With the reported Project Greymatter set to show off generative AI features like summarizing messages and transcribing voice memos, much of the processing will be done on-device - something the M4, with its powerful Neural Engine, is likely to be able to cope with ease.

On the other hand, the Surface Pro 11 running Windows 11 means it’s likely to be able to jump right into using web-based versions of OpenAI’s ChatGPT and Google’s Gemini through the web interface, all the while having Copilot as an extra option.

As more applications like Photoshop, Spark, and more start to incorporate AI across all platforms, though, we should see that gap start to close.

iPad Pro M4 vs Surface Pro 11: Memory and storage

iPad Pro with M4 chipset

(Image credit: Gerald Lynch / Future)

Both tablets start off at 256GB of storage, with 512GB and 1TB models available, too. Neither are upgradable, though, but the iPad Pro does offer a 2TB version if you really have cash to burn.

The iPad Pro starts at 8GB of RAM, but the higher capacity ones reach 16GB. The Surface Pro has 16GB across the line, though, but you can go up to 32GB on the OLED version.

iPad Pro M4 vs Surface Pro 11: Battery life

Surface Pro 11

(Image credit: Microsoft)

The Surface Pro 11 offers up to 14 hours of battery, but that measurement appears to only be for watching video. Web browsing, or just about doing anything else, can see that drop down. It’ll still hit around 10 hours, so around a full working day.

iPad Pro fares similarly, with 10 hours for web browsing, closer to 9 with the cellular connection preferred over Wi-Fi.

With either, you’ll get more or less battery life depending on what you’re using it for, so more demanding tasks will sip away at the battery more quickly.

iPad Pro M4 vs Surface Pro 11: Wi-Fi and connectivity

iPad Pro with M4 chipset

(Image credit: Gerald Lynch / Future)

The iPad Pro is offering a Wi-Fi 6E connection, as well as Bluetooth and 5G on cellular models. While the Surface Pro 11 has Wi-Fi 7, you’re unlikely to reap the benefits without an all-singing, all-dancing router that can take advantage of it. 

iPad Pro M4 vs Surface Pro 11: Ports and I/O

iPad Pro with M4 chipset

(Image credit: Gerald Lynch / Future)

On the iPad Pro, it’s still just the one USB-C port. That can be used for charging or connecting peripherals, including docks, but you can add an additional charging port with the (very expensive) Magic Keyboard that we’ll touch on in a moment.

The Surface Pro 11 has two USB-C ports on the body itself, meaning you can hook up a charger and a docking station, or just about anything else. That gives it the edge here.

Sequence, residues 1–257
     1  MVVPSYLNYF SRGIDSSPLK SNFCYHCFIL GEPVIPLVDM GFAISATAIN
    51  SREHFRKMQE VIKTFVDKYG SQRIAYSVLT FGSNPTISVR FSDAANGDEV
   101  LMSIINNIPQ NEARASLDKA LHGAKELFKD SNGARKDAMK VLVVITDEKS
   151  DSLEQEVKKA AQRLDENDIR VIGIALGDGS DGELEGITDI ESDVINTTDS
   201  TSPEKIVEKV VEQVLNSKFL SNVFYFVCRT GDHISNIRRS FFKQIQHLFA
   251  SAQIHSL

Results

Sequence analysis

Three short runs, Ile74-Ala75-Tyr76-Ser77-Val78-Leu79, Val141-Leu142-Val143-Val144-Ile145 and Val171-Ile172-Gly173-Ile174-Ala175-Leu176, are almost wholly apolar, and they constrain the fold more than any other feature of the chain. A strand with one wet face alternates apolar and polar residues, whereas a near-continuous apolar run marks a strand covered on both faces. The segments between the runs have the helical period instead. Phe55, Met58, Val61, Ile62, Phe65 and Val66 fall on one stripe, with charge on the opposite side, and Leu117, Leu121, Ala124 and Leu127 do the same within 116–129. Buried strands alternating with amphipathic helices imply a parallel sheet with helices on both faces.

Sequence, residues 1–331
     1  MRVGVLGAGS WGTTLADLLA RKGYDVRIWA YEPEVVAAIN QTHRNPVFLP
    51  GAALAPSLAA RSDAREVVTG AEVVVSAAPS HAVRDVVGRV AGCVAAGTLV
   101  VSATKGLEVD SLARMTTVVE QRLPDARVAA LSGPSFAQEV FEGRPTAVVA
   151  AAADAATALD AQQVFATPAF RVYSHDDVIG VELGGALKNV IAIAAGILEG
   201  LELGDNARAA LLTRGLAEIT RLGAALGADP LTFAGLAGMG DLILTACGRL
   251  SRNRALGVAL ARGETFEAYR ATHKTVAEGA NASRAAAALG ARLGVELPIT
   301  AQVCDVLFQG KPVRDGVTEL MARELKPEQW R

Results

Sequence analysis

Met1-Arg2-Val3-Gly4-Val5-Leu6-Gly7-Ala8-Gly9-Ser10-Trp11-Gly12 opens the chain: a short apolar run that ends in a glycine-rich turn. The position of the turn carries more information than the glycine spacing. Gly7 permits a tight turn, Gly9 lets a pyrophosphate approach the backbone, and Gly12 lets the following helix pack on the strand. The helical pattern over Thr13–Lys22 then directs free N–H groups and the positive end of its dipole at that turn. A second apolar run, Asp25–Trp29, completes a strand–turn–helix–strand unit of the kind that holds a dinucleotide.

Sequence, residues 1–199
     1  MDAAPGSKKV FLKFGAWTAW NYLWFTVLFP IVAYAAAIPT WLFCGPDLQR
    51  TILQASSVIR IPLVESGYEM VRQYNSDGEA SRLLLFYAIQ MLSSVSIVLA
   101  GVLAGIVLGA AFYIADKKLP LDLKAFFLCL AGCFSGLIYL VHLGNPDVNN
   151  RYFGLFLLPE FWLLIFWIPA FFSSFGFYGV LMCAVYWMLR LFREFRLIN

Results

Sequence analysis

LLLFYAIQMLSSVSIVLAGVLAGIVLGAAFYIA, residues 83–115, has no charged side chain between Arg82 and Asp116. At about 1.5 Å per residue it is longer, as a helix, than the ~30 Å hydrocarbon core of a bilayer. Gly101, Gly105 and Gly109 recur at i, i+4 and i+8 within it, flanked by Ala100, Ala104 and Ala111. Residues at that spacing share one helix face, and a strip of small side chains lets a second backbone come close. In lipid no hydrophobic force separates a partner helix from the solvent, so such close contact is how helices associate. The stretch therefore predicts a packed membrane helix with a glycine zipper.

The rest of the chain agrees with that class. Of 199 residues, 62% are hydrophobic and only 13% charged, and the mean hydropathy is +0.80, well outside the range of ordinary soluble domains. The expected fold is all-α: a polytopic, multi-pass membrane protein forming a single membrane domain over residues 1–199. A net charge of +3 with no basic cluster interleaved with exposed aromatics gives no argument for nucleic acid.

iPad Pro M4 vs Surface Pro 11: Accessories

Apple Magic Keyboard for iPad Pro

(Image credit: Apple)

Both the Surface Pro 11 and the iPad Pro M4 embrace their modular designs, but if you want a complete set of compatible peripherals you can expect to spend a lot.

The iPad Pro’s Magic Keyboard is redesigned from prior models, looking closer to a laptop with a larger trackpad. It’s not changed in price, but it’s still $349 for the larger version which is enough to buy you a base iPad and have some leftover.

Then there’s the Apple Pencil, with the USB-C version and the Apple Pencil Pro being available. The latter, with new features like haptics and shortcuts, is $129.

For the Surface Pro, there’s a new keyboard cover dubbed the Surface Pro Flex. It costs the same $349, but you can use it without it being connected to the iPad itself. You can also spend $449 to get it bundled with the Slim Pen, which can be stored inside the keyboard when travelling.

A close one

With the Surface Pro 11 not in reviewers' (or our) hands yet, it’s hard to make sweeping judgements as to which is better at this point. Still, it’s clear Microsoft has a powerful challenger on its hands, particularly with the option for OLED and the new Snapdragon CPU.

If you can work on iPad, then there’s nothing better than the iPad Pro M4, but if you’re a Windows aficionado it’s hard not to look enviously over at what the Surface Pro 11 offers.

Lloyd Coombes

Lloyd Coombes is a freelance writer with a specialism in Apple tech. From his first, hand-me-down iMac, he’s been working with Apple products for over a decade, and while he loves his iPhone and Mac, the iPad will always have his heart for reasons he still can’t quite fathom. Since moving from blogging to writing professionally, Lloyd’s work can be found at TechRadar, Macworld, TechAdvisor and plenty more. He’s also the Editor in Chief at GGRecon.com, and on the rare occasion he’s not writing you’ll find him spending time with his son, or working hard at the gym (while wearing an Apple Watch, naturally). You can find him on Twitter @lloydcoombes.